"Spread your friendships across the academic divides, because you never know where your career may take you; who might be able to help you; and how you might be able to help them."
Pro-Chancellor Dr Angelos Frangopoulos, Dr Lars Karlsson who was awarded an honorary doctorate and Vice-Chancellor Professor Andrew Vann at the graduation ceremony in Sydney.
Value in staying connected
In his keynote address to graduates in August, CSU Pro-Chancellor, Sydney, Angelos Frangopoulos spoke about the importance of maintaining connection with the University.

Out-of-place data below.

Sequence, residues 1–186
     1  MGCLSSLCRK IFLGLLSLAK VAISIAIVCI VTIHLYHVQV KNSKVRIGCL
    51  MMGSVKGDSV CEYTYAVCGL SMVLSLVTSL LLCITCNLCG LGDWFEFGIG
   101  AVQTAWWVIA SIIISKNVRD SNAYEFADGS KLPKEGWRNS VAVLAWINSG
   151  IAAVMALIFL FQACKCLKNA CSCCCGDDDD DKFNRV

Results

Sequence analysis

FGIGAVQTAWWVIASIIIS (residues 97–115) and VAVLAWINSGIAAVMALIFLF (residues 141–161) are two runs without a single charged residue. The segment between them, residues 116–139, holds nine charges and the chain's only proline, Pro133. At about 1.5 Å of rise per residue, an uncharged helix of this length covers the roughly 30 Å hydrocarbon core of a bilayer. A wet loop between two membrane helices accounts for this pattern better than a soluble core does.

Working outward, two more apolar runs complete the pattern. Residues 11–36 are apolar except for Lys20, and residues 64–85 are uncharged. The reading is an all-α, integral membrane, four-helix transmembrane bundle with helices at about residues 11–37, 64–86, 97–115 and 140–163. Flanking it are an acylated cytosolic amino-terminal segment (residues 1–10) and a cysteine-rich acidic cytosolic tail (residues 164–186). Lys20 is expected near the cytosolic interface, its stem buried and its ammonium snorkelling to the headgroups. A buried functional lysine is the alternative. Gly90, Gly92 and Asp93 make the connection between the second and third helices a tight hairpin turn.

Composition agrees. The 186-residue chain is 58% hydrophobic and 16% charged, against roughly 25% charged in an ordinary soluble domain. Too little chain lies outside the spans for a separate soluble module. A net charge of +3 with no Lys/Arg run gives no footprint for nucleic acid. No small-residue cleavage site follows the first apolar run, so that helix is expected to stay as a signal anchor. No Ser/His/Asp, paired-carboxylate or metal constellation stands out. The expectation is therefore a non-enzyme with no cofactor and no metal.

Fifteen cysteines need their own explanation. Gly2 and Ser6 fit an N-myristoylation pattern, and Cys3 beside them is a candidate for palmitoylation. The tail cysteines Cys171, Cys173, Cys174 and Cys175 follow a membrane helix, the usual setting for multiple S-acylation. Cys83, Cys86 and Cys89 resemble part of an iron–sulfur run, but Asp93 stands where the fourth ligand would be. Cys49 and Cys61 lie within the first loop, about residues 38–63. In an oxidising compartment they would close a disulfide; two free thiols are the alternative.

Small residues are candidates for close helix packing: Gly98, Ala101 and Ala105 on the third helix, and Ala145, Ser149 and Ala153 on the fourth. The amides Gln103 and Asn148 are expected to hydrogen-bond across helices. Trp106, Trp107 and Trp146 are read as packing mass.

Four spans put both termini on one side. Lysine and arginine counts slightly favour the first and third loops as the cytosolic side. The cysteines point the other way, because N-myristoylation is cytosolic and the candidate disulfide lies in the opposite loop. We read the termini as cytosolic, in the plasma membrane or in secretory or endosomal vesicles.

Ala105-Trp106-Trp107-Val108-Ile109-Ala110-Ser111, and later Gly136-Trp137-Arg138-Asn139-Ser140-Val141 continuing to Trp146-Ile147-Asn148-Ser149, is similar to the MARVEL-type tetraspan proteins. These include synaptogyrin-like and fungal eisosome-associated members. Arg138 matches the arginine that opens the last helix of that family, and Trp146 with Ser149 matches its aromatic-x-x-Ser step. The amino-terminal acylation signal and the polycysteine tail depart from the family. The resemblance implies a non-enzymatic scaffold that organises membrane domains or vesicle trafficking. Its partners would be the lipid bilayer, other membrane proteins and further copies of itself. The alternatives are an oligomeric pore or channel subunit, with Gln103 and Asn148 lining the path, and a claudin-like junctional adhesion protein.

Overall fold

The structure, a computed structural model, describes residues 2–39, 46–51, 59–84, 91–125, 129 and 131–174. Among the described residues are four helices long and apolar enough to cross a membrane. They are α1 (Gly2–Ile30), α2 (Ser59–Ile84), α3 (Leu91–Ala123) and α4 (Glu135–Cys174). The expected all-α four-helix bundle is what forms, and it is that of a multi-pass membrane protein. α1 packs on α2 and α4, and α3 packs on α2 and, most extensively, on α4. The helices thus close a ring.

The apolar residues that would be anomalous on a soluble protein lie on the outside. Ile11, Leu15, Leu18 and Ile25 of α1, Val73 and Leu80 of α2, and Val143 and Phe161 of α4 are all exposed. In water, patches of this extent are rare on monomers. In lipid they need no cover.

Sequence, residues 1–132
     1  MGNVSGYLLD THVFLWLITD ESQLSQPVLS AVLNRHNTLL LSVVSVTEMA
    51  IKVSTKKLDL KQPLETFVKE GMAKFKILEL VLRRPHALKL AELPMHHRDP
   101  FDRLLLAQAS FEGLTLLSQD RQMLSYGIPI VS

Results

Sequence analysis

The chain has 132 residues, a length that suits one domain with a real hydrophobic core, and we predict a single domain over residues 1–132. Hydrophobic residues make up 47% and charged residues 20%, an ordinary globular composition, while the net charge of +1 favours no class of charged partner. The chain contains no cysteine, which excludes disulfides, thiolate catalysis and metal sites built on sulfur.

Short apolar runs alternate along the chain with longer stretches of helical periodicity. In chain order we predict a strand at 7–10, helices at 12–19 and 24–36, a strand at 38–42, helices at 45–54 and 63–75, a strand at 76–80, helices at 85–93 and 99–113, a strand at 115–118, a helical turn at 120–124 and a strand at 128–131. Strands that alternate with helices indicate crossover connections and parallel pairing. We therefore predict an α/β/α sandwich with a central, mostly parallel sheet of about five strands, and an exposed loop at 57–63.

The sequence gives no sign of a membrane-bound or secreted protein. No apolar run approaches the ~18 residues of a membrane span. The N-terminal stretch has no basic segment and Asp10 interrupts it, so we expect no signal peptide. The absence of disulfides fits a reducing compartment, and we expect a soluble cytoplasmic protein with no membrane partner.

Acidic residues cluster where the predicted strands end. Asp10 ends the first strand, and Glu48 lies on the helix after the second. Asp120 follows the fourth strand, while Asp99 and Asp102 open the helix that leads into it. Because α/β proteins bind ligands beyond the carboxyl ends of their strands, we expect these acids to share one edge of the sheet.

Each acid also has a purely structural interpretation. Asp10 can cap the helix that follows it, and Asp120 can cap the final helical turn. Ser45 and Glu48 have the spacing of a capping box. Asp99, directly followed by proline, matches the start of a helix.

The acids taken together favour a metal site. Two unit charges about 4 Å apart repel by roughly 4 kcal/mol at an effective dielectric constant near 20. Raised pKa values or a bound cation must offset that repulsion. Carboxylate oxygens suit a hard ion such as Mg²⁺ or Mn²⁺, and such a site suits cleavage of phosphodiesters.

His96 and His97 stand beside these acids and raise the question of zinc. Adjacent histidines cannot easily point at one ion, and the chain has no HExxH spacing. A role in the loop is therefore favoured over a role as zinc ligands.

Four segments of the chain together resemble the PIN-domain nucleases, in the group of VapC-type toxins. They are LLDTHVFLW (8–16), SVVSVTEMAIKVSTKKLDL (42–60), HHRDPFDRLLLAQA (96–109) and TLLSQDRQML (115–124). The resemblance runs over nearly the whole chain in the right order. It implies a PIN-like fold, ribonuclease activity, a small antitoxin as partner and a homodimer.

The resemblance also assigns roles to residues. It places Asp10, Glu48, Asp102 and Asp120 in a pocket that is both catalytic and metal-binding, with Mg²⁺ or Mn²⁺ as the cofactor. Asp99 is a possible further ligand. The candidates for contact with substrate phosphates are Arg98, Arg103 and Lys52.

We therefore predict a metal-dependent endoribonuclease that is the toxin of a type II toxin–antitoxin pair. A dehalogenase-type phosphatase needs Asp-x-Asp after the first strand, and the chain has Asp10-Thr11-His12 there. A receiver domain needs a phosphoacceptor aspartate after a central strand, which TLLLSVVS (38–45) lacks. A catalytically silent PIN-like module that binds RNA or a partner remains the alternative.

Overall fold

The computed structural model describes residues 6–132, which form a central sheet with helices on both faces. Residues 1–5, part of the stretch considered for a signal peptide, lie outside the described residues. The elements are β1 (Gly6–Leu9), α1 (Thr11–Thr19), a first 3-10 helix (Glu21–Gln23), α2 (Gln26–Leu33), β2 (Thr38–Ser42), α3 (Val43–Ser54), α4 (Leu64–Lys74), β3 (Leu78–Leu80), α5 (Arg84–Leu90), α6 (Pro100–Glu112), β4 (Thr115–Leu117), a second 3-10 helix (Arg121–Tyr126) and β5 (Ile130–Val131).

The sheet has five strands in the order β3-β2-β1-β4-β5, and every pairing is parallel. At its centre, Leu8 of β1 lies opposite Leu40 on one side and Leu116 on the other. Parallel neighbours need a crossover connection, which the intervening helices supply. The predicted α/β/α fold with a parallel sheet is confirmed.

I am a proud son of the Bathurst Campus, where I studied journalism in the mid-1980s. Through my training as a television journalist, I learned to get to the point of a story quickly – and hopefully clearly. With that in mind, there is something simple, but I believe powerful, that I would like you graduates to take away today – in addition to your hard-earned degrees. That thing is a desire for a lasting connection to Charles Sturt University. The greatest educational institutions in the world thrive based on the contributions of their alumni as they voyage from study into the professional world and feed their experiences and support back into the place where they were educated. Networking with your alumni and staying connected with the people you meet as a student even outside of the campus will advantage you in several ways. I believe it is critical for individual development. As a journalism student, I became friends with a young woman named Fiona Nash, a country girl who drove the coolest V8 ute in Bathurst. I didn’t know that she would go on to be a Senator for NSW and become Deputy Leader of the National Party and a prominent minister in the Turnbull Government. I shared Vegemite toast on many occasions with a girl named Chris Bath who became a very handy journalist. Not only were they great student friends, they have been great people to know as I have grown professionally, first as a journalist and later as the Chief Executive Officer of Sky News Australia where I have become a businessman with profit and loss reports to make to our owners and journalists of my own to manage. An important characteristic of successful networking is to regard all the people you meet in your travels as having value, and to treat them with respect. There are practical reasons for this, as well as moral ones.